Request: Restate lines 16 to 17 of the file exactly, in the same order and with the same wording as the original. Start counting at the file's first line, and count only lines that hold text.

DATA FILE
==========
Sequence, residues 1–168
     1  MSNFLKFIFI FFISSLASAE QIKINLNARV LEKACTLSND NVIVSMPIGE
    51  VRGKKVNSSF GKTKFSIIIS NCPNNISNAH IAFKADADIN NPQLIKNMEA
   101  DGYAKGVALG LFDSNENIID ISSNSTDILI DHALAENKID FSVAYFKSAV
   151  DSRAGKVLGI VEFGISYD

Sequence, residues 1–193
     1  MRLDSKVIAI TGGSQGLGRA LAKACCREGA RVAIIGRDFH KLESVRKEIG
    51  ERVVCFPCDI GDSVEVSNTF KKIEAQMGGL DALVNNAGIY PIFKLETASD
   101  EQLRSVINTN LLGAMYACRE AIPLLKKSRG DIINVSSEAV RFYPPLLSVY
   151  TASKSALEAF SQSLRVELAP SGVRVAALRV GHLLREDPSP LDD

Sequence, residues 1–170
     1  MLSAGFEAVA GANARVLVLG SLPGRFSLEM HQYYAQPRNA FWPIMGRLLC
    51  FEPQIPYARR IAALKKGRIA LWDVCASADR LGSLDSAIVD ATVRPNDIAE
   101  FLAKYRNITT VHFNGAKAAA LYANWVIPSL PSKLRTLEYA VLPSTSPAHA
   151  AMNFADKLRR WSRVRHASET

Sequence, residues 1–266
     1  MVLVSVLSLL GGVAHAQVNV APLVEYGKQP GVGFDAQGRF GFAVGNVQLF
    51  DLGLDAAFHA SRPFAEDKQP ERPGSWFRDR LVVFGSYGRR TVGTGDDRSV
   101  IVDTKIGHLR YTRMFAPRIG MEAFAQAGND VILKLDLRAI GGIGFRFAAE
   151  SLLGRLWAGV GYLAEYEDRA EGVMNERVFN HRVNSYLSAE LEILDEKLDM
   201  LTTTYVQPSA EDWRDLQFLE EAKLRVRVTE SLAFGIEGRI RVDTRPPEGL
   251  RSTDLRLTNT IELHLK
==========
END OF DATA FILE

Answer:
Sequence, residues 1–266
     1  MVLVSVLSLL GGVAHAQVNV APLVEYGKQP GVGFDAQGRF GFAVGNVQLF